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Overcome this crippling barrier to email success
👉 you might think this helps you...but it doesn't
Something I hear a lot from people struggling to be consistent with their emails - and struggling to have an impact - is this perceived need to be serious.
To be businesslike in every email.
And a corresponding fear of writing more casually. Of drawing analogies with their favourite TV show, telling a joke or confessing to their mistakes.
It seems to come from a perception that senior clients are always businesslike. Always to the point. Focused on ROI.
And in my experience they are...
...when they're dealing with vendors.
But when they're talking to peers and friends that mask comes down.
These days I tend to work only with small businesses and sole practitioners. But back when I was doing face-to-face consulting I worked with senior execs in some of the world's biggest companies.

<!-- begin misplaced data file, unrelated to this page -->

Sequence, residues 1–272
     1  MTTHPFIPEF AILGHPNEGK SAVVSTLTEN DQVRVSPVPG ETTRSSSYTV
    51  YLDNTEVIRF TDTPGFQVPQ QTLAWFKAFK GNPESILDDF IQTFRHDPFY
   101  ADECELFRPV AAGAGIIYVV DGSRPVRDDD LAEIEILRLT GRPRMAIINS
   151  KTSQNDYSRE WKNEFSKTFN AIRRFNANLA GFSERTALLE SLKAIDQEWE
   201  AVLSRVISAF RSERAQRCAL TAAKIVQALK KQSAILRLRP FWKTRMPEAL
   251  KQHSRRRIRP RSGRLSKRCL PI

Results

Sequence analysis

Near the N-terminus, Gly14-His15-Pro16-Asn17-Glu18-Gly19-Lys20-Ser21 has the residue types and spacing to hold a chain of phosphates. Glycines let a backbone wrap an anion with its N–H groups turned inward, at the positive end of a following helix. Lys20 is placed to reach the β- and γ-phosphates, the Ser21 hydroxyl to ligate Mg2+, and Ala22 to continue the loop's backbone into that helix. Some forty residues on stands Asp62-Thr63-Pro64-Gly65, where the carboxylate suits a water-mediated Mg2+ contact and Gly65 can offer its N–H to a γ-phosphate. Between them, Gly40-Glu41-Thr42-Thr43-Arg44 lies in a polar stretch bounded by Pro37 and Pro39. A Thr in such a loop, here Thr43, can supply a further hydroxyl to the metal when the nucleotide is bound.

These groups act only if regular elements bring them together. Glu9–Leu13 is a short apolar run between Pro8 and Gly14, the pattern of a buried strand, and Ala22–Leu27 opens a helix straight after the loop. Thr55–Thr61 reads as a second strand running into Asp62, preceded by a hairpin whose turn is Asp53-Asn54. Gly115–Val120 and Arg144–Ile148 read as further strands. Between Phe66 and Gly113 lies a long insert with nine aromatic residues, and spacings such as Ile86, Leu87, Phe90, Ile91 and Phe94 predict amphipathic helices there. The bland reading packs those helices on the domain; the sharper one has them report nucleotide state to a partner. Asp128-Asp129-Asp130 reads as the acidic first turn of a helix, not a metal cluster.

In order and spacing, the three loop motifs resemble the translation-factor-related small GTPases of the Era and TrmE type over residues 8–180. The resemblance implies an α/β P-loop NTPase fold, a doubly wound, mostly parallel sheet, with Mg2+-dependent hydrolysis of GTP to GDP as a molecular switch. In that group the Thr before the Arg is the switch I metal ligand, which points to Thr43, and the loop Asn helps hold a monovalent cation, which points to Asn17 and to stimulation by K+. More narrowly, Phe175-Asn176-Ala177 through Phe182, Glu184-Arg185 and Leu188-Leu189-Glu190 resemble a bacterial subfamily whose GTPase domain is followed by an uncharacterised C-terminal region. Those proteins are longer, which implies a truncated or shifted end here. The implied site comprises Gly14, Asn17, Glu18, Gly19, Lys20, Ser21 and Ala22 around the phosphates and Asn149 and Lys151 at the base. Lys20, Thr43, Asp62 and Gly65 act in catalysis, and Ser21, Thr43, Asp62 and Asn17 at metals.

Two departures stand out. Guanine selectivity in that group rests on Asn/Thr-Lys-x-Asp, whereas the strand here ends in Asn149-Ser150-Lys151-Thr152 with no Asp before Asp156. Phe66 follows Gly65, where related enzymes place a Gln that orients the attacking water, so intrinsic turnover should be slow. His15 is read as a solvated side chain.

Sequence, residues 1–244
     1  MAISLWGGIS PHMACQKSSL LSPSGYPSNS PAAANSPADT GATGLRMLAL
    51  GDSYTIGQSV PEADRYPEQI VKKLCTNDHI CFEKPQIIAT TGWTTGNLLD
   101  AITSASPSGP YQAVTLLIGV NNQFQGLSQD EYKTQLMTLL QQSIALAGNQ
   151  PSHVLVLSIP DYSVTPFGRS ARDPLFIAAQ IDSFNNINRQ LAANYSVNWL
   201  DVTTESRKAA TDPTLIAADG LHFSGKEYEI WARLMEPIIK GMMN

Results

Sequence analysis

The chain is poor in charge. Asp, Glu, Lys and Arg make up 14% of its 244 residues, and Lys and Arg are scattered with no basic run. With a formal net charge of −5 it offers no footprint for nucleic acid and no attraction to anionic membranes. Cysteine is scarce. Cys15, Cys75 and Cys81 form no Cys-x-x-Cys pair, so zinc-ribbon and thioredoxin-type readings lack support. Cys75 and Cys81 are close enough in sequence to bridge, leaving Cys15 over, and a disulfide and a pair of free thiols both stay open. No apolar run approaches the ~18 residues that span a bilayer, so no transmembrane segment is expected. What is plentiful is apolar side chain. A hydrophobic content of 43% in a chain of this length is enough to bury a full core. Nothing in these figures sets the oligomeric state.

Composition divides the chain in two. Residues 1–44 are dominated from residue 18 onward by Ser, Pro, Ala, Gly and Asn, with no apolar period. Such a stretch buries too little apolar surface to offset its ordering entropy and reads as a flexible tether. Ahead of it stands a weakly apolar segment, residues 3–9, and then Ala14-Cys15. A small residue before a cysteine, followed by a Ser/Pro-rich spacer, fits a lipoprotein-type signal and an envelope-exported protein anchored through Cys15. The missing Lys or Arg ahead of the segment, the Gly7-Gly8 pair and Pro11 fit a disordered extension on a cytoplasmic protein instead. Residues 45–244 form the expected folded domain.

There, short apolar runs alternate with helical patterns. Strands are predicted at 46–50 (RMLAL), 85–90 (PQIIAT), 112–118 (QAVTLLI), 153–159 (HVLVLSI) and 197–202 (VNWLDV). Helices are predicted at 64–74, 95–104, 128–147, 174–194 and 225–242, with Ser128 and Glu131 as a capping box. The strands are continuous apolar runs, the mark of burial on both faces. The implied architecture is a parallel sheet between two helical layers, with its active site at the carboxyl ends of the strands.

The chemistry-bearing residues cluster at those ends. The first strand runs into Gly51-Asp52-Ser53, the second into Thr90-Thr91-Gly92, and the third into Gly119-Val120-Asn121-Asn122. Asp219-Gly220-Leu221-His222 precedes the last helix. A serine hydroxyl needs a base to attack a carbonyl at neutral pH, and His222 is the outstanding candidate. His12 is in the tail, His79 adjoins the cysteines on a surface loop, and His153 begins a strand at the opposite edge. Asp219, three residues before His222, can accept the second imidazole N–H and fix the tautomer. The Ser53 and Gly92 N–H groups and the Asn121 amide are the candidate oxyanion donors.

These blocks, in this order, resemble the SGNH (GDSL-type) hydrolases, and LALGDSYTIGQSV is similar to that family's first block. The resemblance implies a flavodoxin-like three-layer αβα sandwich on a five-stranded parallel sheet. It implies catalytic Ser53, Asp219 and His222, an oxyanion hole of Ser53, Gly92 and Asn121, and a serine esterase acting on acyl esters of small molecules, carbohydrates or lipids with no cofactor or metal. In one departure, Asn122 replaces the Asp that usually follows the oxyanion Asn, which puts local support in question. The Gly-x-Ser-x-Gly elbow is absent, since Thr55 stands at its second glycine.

Often the discussions that built your relationship weren't in meeting rooms looking at slides or spreadsheets. They were over coffee or dinner or drinks.
The conversation bounced from business to sport to TV to art to whatever they happened to be interested in and care about.
They brought all those interests and influences to bear in the way they thought about work. And if you were able to tell an interesting story or draw a useful analogy they valued that.
Of course, you had to demonstrate you knew what you were talking about first. And that they could trust you.
But once you passed that hurdle, you got to see that they were as human as the rest of us.
They grilled vendors on the ROI they'd get. But with partners, they bounced ideas, listened to interesting stories, laughed, paused, told you what they really thought and what they worried about.
I'd much rather be a partner than a vendor. That's why my emails don't just focus on sharing valuable information. I try to do it in a way that's interesting. That helps readers feel they have a real relationship with me.
I'm sure it doesn't work for everyone. There'll always be people who just want to see you as a vendor and just want facts and figures and data and pure business stuff from you.
But the people more likely to buy from you want value and a human connection.
And, frankly, what kind of life is it to be businesslike all the time? I'd rather sell a bit less and be free to be me (but I'm sure it helps me sell more).
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